Two fifths of the score of a beer on a BJCP Scoresheet is Flavor. If you consider that Aroma is a large component of Flavor, it's really 64 percent. However for Scoresheet purposes, it's 20 points out of the total 50. The hints on the scoresheet remind you to comment on malt, hops, fermentation characteristics, balance, finish/aftertaste, and other flavor characteristics. Let's consider each in turn.
Malt in general, since barley was traditionally used in baking, is going to have many similar flavor components as bread. Depending on the roasting level, it may be bready, toasty, roasty, caramel, toffee-like, or even have dark fruit characteristics (most commonly plums, prunes, or even cherry). Some malts like pilsner, may have a slightly sweet corn aroma due to the precursors of DiMethyl Sulfide being present (which can smell like cooked corn). If it's allowable for style, it will say so in the Style Guidelines. Some less desirable characteristics may be burnt or grainy flavors (although in certain styles they may be allowable or even desirable).
Broad hop flavors are generally the same as their aromas. Citrus, floral, spicy, herbal, earthy. grassy, piney, and woody are common descriptors. You should try to differentiate though and describe it more specifically whenever possible. For example, are you tasting orange, lemon, or grapefruit when you say citrusy? Some new hop varieties will even have tropical fruit flavors like Mango or Pineapple. Sometimes the hop flavor will detract from the Flavor. Too much hop mass can sometimes be too grassy or contribute a vegetal flavor. Or old hops may even give a musty or cheesy flavor. Bitterness is also a hop contribution, so this will play into the balance and aftertaste.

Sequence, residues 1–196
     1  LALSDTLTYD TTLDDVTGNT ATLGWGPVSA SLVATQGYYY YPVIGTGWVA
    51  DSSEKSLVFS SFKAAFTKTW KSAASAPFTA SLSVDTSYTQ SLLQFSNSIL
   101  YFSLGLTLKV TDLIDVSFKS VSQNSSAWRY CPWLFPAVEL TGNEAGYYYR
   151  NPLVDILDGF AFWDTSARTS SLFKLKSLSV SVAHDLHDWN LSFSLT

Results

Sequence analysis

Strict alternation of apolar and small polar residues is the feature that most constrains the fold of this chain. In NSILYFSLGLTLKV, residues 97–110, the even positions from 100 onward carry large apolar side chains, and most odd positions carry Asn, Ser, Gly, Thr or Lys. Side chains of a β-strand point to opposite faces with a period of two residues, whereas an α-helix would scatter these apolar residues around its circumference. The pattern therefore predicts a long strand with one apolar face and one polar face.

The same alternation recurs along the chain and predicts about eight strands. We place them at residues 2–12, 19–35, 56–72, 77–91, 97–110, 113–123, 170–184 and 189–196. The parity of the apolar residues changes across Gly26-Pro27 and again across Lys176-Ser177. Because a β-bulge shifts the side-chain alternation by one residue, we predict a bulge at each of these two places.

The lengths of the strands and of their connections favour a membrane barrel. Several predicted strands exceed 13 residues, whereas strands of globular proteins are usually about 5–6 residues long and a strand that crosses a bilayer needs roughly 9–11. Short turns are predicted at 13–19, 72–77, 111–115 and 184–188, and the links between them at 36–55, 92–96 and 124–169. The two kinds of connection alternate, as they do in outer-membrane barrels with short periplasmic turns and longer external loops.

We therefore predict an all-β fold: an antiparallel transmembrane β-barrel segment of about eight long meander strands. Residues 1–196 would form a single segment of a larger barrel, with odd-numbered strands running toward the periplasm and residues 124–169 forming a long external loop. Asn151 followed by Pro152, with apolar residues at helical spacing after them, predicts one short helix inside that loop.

Fermentation characteristics are the yeast's contribution. Ale yeasts will sometimes contribute fruitiness to a beer. This may range from apples or pears to bananas, berries, citrus (like lemons in saisons), raisins, grapes, or stone fruit (think pitted fruit like peaches). Some lager yeasts will have components that are present but need time and conditioning to age out (like diacetyl or sulfur components). The Style Guidelines will tell you what is or isn't appropriate for style, so you can score accordingly.
Balance, Finish, and Aftertaste are closely related and extremely important considerations for most styles. Some styles like the Scottish styles only have enough hop flavor to keep the beer from being overly sweet. Others such as IPAs should be balanced more to the bitter side with the malt only contributing enough to keep it from being a harsh bitterness. How the Flavor finishes and lingers is also part of this. It is dry and crisp with a slight lingering bitterness? Does it finish with warming alcohol? Or does it finish with a burning hot alcohol? Again, these are mainly important for whether they're appropriate for the style.
Finally, Other Flavor Characteristics are the catch all for anything else you taste. Most of these are going to be off flavors like Acetaldehyde (a sour green apple flavor), hot alcohols (fusels), astringency (harsh drying like sucking on a tea bag), or oxidation (like wet paper or cardboard). Solvents (acetone or paint thinner) or Phenolics (ranges from smoky, spicy, peppery to plastic, band-aid, or medicinal) are other notable flavors that may or may not be off flavors. Sometimes there may even be metallic flavors (tin, copper, iron, or even blood-like) or meaty flavors (beef broth).
In summary, there are a lot of potential flavors you may encounter in beer. It all boils down to whether they're appropriate for style at the levels that are present. Pay close attention to the Style Guidelines for what levels are required, appropriate, allowable, or inappropriate. If the Guidelines say it's required at a certain level, score it accordingly if it's either right on or out of range. If it's allowable, don't ding a beer if it isn't there. If it is inappropriate, score accordingly if it is there.